Date: Friday, November 6, 2020
Session Title: RA – Treatments Poster I: RA Treatments & Their Safety
Session Type: Poster Session A
Session Time: 9:00AM-11:00AM
Background/Purpose: The management of patients with early rheumatoid arthritis (RA), defined by the American College of Rheumatology (ACR) guidelines as patients who have had RA disease or symptoms for < 6 months, can improve prognosis and long-term clinical outcomes and reduce joint damage. In the Middle East, available evidence suggests that the management of patients with RA may be suboptimal, indicating a need for guidelines supporting the early use of biologic DMARDs.
Methods: This observational, retrospective study assessed real-world patient data entered in the National Center of Rheumatology database in Iraq from 2012 till 2018. Patients included in the study after they met ACR/EULAR 2010 criteria for Rheumatoid Arthritis with 1 year of follow up after starting their first etanercept therapy. Patients are excluded from the study if previously or currently treated with other biological therapies. Patients were categorized into two separate groups:
- Patients were stratified based on the disease duration before initiation of treatment with etanercept (≤1 year, >1 to ≤4 years, >4 to ≤10 years, >10 to ≤20 years, and >20 years) (group A).
- Patients were stratified based on the mean duration of RA: early and delayed treatment initiation were defined as having a RA diagnosis below or above mean of RA duration, before initiation of treatment with etanercept (group B).
Results: A total of 979 Iraqi patients with RA (of whom 813 [83%] were female) were included in the analysis, with a mean RA duration at baseline of 10 years and mean Clinical Disease Activity Index (CDAI) and Disease Activity Score 28 (DAS28) scores of 27.65 ± 11.63 and 5.68 ± 1.2, respectively (Table 1). Based on the stratified group (A), Patients who had RA symptoms for ≤1 year before etanercept initiation had the greatest CDAI change from baseline (10.9- point) and it was significantly lower in comparison to another stratified group (P=0.01). The change from baseline for >1 to ≤4 years, >4 to ≤10 years, >10 to ≤20 years, and >20 years group were (7.32-, 7.69-, 6.41-, and 6.62- point decrease respectively) [Figure 1A]. The mean change in DAS28 score was 1.1- point decrease for patients who had RA symptoms for ≤1 year and >1 to ≤4 years before etanercept initiation, while other patients ( >4 to ≤10 years, >10 to ≤20 years, and >20 years groups) showed mean change of (1-, 0.83-, and 0.9- point decrease respectively) [Figure 1B]. In group B, at the last follow-up visit, patients with early etanercept initiation (≤10 years) had a higher decrease in CDAI and DAS28 scores from baseline compared with patients with delayed initiation ( >10 years) (CDAI 7.9-point and CDAI 6.4-point decrease, respectively) [Figure 2A], (DAS28 1.05-point and DAS28 0.88-point decrease, respectively) [Figure 2B].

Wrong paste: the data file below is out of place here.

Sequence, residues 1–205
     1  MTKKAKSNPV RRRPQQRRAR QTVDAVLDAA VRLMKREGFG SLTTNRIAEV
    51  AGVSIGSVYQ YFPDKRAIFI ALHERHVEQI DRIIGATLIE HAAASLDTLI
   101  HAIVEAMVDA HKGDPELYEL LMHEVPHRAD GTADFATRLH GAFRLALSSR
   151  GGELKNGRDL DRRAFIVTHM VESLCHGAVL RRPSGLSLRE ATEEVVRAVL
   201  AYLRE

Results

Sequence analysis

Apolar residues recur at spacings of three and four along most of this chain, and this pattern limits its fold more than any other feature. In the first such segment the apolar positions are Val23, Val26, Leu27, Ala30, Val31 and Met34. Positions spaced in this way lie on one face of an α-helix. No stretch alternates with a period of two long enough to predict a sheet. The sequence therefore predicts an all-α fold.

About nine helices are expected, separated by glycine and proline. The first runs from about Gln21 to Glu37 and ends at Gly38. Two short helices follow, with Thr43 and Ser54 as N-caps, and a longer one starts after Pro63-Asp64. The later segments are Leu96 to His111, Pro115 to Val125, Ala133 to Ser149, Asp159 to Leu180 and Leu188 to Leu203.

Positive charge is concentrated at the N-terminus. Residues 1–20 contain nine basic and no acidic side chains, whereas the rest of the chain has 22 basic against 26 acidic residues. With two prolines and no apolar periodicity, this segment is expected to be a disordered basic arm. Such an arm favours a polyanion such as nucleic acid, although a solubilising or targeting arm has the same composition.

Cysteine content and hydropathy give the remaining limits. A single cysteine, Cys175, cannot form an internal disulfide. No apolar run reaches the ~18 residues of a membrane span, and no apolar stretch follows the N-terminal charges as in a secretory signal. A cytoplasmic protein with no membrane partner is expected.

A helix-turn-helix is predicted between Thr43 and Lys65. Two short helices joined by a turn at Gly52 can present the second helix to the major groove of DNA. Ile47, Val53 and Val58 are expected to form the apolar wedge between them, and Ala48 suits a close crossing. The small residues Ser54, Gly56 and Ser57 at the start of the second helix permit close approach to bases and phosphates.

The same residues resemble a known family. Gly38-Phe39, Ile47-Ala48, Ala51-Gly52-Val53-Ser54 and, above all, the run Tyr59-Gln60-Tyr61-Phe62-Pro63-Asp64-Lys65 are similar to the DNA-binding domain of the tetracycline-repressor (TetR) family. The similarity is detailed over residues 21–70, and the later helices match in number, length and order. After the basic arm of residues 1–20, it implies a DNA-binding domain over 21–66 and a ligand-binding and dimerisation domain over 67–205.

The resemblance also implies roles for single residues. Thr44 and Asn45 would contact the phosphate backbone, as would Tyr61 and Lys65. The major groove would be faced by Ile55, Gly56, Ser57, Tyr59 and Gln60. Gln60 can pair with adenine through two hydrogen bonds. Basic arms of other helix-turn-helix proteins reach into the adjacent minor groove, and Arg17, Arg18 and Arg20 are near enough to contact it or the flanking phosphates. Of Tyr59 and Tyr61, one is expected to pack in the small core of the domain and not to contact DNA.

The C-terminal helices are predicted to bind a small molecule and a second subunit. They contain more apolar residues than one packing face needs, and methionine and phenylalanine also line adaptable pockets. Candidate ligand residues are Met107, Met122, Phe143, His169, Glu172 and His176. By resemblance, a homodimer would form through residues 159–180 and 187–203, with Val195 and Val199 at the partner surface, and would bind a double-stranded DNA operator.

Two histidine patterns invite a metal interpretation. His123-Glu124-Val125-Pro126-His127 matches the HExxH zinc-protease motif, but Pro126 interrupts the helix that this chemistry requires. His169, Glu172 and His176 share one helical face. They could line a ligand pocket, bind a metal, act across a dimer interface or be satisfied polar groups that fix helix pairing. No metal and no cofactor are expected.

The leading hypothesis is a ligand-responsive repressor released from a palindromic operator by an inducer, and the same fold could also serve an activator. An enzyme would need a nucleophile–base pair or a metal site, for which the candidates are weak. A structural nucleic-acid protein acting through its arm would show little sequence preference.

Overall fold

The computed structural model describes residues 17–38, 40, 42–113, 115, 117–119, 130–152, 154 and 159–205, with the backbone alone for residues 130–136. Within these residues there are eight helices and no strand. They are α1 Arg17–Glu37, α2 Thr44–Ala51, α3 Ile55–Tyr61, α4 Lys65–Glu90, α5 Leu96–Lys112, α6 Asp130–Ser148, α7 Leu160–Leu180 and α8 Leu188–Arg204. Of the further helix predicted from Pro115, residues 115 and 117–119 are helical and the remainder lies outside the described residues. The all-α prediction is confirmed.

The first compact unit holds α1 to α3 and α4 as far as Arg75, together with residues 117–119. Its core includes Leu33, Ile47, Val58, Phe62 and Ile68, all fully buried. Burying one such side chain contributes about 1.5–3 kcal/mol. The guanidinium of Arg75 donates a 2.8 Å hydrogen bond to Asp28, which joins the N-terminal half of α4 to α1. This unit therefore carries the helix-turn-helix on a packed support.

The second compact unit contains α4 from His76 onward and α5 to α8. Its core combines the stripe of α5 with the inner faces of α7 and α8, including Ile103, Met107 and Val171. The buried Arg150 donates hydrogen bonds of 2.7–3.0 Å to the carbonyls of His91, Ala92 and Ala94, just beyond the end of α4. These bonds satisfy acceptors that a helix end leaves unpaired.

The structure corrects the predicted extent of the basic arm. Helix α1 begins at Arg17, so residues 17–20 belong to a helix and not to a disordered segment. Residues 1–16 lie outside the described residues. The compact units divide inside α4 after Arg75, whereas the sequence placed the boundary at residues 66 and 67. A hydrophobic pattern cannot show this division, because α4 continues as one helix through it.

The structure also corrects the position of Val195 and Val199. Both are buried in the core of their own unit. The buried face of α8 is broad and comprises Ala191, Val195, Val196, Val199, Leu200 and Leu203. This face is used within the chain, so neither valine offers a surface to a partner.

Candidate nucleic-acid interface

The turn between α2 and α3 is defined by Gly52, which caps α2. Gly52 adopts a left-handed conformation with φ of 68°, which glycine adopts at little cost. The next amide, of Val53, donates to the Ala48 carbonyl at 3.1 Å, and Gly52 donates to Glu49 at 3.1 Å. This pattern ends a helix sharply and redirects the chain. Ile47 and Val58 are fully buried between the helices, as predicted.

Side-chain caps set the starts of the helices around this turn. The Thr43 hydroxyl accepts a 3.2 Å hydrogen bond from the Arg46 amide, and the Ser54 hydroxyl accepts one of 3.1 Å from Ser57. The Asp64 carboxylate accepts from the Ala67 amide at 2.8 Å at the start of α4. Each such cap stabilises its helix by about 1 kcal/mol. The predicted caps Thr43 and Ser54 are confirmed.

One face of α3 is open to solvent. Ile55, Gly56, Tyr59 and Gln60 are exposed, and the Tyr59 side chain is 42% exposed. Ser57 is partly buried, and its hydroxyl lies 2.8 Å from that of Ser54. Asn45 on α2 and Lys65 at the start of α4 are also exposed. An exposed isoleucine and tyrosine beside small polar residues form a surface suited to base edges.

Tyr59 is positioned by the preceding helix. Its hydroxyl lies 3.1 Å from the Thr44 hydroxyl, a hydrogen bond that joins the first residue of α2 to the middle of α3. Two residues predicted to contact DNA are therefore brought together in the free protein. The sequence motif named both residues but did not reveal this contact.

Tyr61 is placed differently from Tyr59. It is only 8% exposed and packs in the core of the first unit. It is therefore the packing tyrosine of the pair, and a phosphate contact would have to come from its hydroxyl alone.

Conclusion: Patients who received earlier etanercept treatment appear to have a better clinical outcome compared with patients with delayed treatment.
To cite this abstract in AMA style:Abdulateef N, Gorial F, Humadi Y, Yasiry D, Al Derwibee F, Sunna N, AlJabban A. Clinical Outcomes of Earlier versus Delayed Treatment of Iraqi Patients with Rheumatoid Arthritis with Etanercept [abstract]. Arthritis Rheumatol. 2020; 72 (suppl 10). https://acrabstracts.org/abstract/clinical-outcomes-of-earlier-versus-delayed-treatment-of-iraqi-patients-with-rheumatoid-arthritis-with-etanercept/. Accessed October 20, 2021.
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